Unfortunately, for a brand-new EV, you are looking, on average, at £50,000. However, they range from the £20,000 mark up to £100,000.

1. Smart EQ fortwo coupe

Price – £22,225

Range – 100 km


2. Fiat 500e Hatchback 24 kWh

Price – £23,835

Range – 135 km


3. MG MG4 Electric 51 kWh

Price – £25,995

Range – 300 km


4. Nissan Leaf

Price – £28,995

Range – 235 km


5. Renault Zoe ZE50 R135

Price – £29,995

Range – 190 miles


6. Opel Corsa – e

Price – £31,130

Range – 285 km  


That being said, as the EV industry continues to develop, and with upcoming government acts – such as the ban on the sale of new petrol and diesel cars in 2035 – it’s likely that the cost of electric vehicles will decrease over time. 


  • Electric cars are expensive to purchase outright – however, there are routes to take in order to afford an electric car in 2023 – invest in a second-hand electric car, lease an electric vehicle, take advantage of an EV salary sacrifice scheme, undertake a monthly EV subscription, or purchase your EV during price cuts. These methods significantly reduce the upfront cost of an electric vehicle, making EVs more accessible to UK residents.
  • If you still want a new EV, the cheapest electric vehicles on the UK market are the Smart EQ fortwo coupe, Fiat 500e Hatchback 24 kWh, MG MG4 Electric 51 kWh, Nissan Leaf, Renault Zoe ZE50 R135, and the Opel Corsa – e.

Have you made the switch to electric? Interested in cheaper, greener and more convenient EV charging sessions?

If you’re interested in an electric vehicle and don’t want the higher costs and inconvenience of public charging, contact us today at 03333 44 96 99 for free, impartial advice on our wide range of home EV chargers. We can supply and install home and workplace electric vehicle charging points nationwide and handle the entire process on your behalf. Alternatively, fill in the contact form below.


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Tethered charger

This type of electric charger has it's own cable to charge your car.

Socketed charger

This type of electric charger requires a seperate cable to charge your car.

Spread over a 60 month period.

Tenants and homeowners are eligible for finance.

You decide the amount of months.

Minimum of £1000.

We will contact you to process the credit application. Approval is subject to application, financial circumstances and borrowing history. 13.9% APR representative. T&Cs apply.

Your order is not confirmed until your application has been approved.

Underground cable

We lay SWA cable laid at 600mm deep, with a protective cable warning tape laid 150mm above the cable. These are laid on a sand or sifted sand soil bed then backfilled.

Overhead cable

We position overhead cables at a minimum height of 3.5m and are run along a catenary wire. The cable run should not be accessible to vehicles.

Standard Installation
Our instant price is fixed if it falls within our standard installation package plus any additions that you have selected (extra cabling for example). This package covers the majority of homes in the UK. Before we undertake your installation we will carry out a digital survey to check that nothing has been missed. After reviewing the survey results some additional work may be required in order to complete your installation safely and to the required standards. If this is the case, we will contact you well before the installation date and advise the cost of any required work. You can then continue with your installation, or alternatively we will refund you in full if you do not want to proceed.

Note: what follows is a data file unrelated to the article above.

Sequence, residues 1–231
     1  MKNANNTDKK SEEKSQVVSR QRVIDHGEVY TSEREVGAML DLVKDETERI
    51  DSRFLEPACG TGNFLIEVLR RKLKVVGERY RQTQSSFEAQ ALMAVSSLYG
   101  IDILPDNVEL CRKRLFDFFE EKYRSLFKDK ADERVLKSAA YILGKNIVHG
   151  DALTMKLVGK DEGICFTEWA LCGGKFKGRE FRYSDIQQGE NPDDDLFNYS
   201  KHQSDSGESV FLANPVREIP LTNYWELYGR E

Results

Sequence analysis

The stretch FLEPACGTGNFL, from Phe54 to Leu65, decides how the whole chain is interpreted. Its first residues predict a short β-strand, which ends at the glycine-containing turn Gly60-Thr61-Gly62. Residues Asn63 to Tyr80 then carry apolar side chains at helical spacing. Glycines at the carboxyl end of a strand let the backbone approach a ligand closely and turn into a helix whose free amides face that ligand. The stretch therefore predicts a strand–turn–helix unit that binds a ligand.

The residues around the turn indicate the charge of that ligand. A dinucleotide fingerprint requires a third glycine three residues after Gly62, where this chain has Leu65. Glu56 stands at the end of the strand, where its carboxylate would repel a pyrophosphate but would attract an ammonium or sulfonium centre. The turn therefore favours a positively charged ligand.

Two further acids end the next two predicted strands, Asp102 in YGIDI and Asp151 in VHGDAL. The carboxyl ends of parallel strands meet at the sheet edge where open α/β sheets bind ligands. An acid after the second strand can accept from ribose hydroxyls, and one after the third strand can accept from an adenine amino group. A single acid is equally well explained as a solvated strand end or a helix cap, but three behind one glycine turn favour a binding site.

Included in our standard installation is :
• Fitting of a single phase charge point to a brick or plaster wall or other suitable permanent structure
• Up to 10 metres of cable, run and neatly clipped to the wall between the electricity supply meter / distribution board and the charge point.
• Routing of the cable through a drilled hole in a wall up to 500mm (20 inches) thick if this is needed.
• The fitting and testing of electrical connections and protections required for the charge point.
• An additional three way consumer unit, if required
• Installation of a Type A RCBO in an RCBO enclosure
• Up to 3 metres of plastic trunking to conceal interior wiring.
• An O-pen earth protection device if the charge point requires it. (This is NOT an earth rod)
• Up to 4 hours of labour from your installer to complete the work.
• Electrical testing of the whole installation.
• Handover and setup of the charge point and any app that may be needed.

Not included in our standard installation (additional work) :
• Where the installation requires additional cabling over and above the amount you have told us about.
• Upgrade/replacement of the main incoming supply fuse where the local DNO (eg Northern Powergrid) would need to attend site.
• If the charge point is to be mounted on a post/pedestal rather than an existing wall and where you have not selected a post as an extra cost option in your order.
• Installation of a charge point to a three phase supply.
• Where gas and water mains bonding (earthing) is not in place at your property. If this is not in place, additional work would be required before installation of the charge point.
• Any groundwork that has not been selected during the order process.

A Surge Protection Device is not included in our standard installation. 

What else you need to know :
• On the day of installation, please ensure that the area around your consumer unit (fuse box), incoming electricity supply meter and proposed charge point location (including where the cable is expected to be run) is clear and free of obstructions.
• We will need your WiFi password as part of the installation process in order to connect your charge point to the internet. Please have this available for the installer. Details will not be kept.
• The charge point must be on your own designated off road parking.
• The charger will be fixed in line with current guidelines at a height where it cannot be hit by a vehicle.
• Our installers are not able to enter loft spaces; lift floorboards or flooring; take apart any furniture of work above a height of 2m. If you anticipate that any of this may be required, then please contact us and we can discuss in more detail and provide you with a quotation.
• Should there be extreme weather conditions our installers may not be able to continue with you installation if it is not safe to do so (for example flooding). They will always do their best to complete the work where they can.

If you have any questions then please contact our customer service team who will be happy to help. Please also read our terms and conditions.